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Several studies on Sri Lankan snails have been made over the years, but there is currently nothing that could be described as an identification guide. This guide provides images of shells, which provide the most straightforward method of identification. Simply compare your sample with the images, taking careful note of the different magnifications. Where examples from the type series were located, these have been figured, for the remainder the authors have relied on historical material held by the Natural History Museum, London (NHM) collections and loans from other institutions. A guide such as this is not the place for revisionary work, by the authors have made corrections to some original publication dates in their species list.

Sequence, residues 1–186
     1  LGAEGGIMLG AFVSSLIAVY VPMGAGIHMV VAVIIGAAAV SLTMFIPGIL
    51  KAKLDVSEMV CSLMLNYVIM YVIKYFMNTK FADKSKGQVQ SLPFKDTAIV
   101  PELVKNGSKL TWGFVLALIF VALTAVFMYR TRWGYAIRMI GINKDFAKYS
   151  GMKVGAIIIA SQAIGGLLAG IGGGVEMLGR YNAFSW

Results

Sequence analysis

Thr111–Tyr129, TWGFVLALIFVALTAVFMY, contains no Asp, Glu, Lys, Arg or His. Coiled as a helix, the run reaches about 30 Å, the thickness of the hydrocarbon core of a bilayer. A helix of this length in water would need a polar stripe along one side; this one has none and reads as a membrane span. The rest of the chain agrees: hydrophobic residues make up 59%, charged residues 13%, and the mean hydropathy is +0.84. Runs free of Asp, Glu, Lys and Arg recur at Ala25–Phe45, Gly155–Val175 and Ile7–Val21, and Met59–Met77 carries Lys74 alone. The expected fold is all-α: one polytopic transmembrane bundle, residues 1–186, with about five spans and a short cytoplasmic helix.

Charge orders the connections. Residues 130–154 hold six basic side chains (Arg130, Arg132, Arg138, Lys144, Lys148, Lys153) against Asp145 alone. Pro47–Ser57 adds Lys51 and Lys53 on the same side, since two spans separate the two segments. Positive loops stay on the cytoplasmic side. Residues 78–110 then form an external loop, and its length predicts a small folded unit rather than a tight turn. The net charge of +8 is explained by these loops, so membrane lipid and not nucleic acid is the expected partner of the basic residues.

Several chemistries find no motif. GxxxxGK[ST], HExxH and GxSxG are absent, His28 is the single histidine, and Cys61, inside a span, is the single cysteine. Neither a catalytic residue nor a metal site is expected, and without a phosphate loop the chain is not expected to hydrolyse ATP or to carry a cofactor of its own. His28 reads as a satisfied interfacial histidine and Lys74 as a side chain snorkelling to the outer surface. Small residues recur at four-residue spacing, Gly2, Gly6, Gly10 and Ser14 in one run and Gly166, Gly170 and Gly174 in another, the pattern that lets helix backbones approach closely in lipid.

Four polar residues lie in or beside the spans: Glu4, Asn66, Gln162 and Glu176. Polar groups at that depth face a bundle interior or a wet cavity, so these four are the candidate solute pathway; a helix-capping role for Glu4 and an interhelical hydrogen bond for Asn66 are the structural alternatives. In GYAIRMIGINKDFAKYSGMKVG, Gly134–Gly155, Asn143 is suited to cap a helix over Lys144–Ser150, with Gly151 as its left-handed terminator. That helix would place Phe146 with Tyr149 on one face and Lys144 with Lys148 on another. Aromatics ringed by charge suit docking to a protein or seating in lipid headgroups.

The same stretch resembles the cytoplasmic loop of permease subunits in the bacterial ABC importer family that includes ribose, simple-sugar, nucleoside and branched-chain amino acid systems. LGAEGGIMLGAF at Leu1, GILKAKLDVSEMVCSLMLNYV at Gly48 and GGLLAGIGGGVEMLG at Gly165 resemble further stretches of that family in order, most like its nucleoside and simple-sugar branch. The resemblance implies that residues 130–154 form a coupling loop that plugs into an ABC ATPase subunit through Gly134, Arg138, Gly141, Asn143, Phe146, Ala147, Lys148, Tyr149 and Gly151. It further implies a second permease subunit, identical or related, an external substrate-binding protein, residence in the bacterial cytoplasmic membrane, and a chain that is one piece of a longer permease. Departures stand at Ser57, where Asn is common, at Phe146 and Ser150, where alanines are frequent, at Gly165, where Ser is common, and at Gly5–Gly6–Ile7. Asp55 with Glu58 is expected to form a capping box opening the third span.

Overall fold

Shells are a record of all stages of growth; if you examine the early whorls on the adult shell they will give you an indication of what the juvenile looked like and you can make careful whorl-by-whorl comparisons. The tightness of gastropod coiling can be a useful character, but juvenile shells may have very different proportions to those of adults and may look very different. Due to space limitations only examples of adults are illustrated in this guide. The best thing is to build your own shell collection that includes the different growth stages of each species. This will allow you to recognize juveniles when you come across them. Small-scale collection of empty shells will not have harmful effects on populations, but it must be remembered that some species are endangered and living specimens of these should not be collected.
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On behalf of Parque Nacional Nahuel Huapi I would like to thank NHBS. The book will be very useful for my students.
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